Ballet Stars

There's a New Documentary About Sergei Polunin, and It Looks Amazing

Polunin in David LaChapelle's video to Hozier's "Take Me to Church." Photo via Dance Magazine.

There are times when Sergei Polunin's life seems straight out of a movie. From his notorious rebelliousness—exemplified by his shocking decision to walk away from his promising career at The Royal Ballet—to his glamorous relationship with Natalia Osipova to his trademark tattoos, the international ballet superstar has had his fair share of drama. We can never predict what he's going to do next, but let's face it—that's part of the reason we love him.

So when we heard there would be a new documentary about his life, it seemed only fitting. The trailer for the film, Dancer, was just released, and from the looks of it, there will be tons of jaw-dropping footage of Polunin in motion. In case we needed a reminder of how powerful this can be, the trailer is set to Hozier's "Take Me to Church," bringing to mind his passionate, soaring moves in last year's viral YouTube video. It also looks like the film will dig into Polunin's challenging past, with the trailer alluding to family drama and inner turmoil.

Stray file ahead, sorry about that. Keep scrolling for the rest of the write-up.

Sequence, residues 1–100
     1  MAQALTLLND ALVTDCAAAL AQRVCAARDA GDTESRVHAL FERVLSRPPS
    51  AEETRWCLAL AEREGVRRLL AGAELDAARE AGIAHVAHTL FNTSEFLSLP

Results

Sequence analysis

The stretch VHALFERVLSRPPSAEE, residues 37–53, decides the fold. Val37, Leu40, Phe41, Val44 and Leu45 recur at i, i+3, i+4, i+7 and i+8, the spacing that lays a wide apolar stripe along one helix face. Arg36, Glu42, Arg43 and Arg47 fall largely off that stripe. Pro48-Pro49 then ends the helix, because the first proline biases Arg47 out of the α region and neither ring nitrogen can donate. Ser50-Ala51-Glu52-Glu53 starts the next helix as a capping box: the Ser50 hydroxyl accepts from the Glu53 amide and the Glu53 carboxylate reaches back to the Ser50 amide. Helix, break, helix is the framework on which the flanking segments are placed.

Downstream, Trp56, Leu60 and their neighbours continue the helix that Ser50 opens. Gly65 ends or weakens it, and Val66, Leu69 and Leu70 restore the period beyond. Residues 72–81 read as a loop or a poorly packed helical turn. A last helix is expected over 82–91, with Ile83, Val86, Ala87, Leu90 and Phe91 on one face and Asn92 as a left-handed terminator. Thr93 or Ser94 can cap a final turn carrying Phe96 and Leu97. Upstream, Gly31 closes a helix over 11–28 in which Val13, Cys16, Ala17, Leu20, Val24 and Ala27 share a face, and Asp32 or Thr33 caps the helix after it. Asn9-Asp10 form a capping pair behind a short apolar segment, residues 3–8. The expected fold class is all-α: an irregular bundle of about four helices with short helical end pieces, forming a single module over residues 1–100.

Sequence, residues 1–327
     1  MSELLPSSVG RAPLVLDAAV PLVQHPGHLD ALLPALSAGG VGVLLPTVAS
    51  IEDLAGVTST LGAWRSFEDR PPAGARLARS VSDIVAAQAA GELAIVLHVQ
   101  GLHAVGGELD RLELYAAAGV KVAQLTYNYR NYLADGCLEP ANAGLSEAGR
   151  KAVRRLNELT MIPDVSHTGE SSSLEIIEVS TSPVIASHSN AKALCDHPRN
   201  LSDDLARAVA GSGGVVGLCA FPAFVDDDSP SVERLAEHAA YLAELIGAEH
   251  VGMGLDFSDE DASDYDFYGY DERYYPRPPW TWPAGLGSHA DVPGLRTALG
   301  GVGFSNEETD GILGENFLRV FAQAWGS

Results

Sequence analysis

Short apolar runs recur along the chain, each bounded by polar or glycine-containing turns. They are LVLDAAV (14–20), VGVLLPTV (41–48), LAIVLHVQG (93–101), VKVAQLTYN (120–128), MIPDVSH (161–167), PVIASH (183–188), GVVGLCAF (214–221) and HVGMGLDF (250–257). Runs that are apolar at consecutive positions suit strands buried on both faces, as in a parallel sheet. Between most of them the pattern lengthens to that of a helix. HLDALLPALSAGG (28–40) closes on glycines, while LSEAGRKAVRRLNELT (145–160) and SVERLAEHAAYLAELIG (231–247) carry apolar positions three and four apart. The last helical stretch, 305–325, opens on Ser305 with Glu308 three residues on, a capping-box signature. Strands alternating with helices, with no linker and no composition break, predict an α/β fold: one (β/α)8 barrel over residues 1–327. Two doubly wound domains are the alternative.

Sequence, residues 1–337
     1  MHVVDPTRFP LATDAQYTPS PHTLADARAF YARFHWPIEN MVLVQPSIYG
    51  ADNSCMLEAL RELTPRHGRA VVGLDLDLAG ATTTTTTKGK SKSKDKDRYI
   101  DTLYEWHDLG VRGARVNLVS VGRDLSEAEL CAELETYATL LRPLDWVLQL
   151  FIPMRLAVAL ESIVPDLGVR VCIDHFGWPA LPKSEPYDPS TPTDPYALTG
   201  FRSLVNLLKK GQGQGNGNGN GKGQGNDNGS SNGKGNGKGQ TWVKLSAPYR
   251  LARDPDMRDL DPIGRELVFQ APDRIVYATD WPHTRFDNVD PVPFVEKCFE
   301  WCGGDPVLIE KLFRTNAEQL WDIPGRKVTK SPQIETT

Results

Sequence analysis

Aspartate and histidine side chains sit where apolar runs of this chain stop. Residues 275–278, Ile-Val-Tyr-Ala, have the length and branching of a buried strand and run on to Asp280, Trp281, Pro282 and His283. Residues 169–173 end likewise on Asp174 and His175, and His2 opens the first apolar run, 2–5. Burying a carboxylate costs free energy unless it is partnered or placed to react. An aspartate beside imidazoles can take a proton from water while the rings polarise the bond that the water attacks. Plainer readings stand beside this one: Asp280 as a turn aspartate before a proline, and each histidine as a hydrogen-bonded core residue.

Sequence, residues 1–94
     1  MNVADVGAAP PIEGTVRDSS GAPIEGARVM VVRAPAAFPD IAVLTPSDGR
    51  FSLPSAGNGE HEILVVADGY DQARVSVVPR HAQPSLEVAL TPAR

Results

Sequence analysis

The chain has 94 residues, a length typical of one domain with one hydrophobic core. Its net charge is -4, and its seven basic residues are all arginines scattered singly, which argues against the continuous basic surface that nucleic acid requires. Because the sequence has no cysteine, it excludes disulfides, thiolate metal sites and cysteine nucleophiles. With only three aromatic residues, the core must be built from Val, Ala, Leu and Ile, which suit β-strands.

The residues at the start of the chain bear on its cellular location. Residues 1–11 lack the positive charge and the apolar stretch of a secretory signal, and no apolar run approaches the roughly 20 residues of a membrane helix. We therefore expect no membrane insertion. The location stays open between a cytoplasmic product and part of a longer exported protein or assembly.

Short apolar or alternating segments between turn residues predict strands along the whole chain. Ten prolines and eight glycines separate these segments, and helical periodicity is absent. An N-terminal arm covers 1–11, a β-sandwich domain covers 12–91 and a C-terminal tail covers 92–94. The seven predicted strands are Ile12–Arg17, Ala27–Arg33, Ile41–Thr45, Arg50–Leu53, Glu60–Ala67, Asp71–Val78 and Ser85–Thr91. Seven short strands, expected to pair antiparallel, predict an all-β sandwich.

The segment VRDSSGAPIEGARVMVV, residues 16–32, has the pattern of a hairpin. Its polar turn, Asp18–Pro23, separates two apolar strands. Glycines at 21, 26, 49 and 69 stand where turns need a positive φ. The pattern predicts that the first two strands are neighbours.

No word yet on when the film will be released, but we'll be keeping our eyes out. Until then, check out the video below:

It turns out we may have even more opportunities to see Polunin dance in the near future: He recently told The Guardian that he hopes to rejoin the Royal as a guest artist, and he's spoken about his desire to dance with Osipova as often as possible. He'll get a chance to do that when the pair heads to New York's City Center this fall to perform in a program of U.S. premieres—and fans lucky enough to be in the New York area can see them in action.

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Rachel Hutsell Photographed for Pointe by Jayme Thornton.

This is Pointe's June/July 2018 Cover Story. You can subscribe to the magazine here, or click here to purchase this issue.

"I'm very cautious by nature," Rachel Hutsell says over herbal tea at Lincoln Center between rehearsals. You wouldn't think so from the way she moves onstage or in the studio. In fact, one of the most noticeable characteristics of Hutsell's dancing is boldness, a result of the intelligence and intention with which she executes each step. (What she calls caution is closer to what most people see as preparedness.) She doesn't approximate—she moves simply and fully, with total confidence. That quality hasn't gone unnoticed.

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Looking for your next audition shoe? Shot at and in collaboration with Broadway Dance Center, Só Dança has launched a new collection of shoes working with some pretty famous faces of the musical theater world! Offered in two different styles and either 2.5" or 3" heels, top industry professionals are loving how versatile and supportive these shoes are! Pro tip: The heel is centered under the body so you can feel confident and stable!

Ballet Stars
Jacques d'Amboise and Adrian Danchig-Waring in conversation at the National Dance Institute. Photo Courtesy NDI.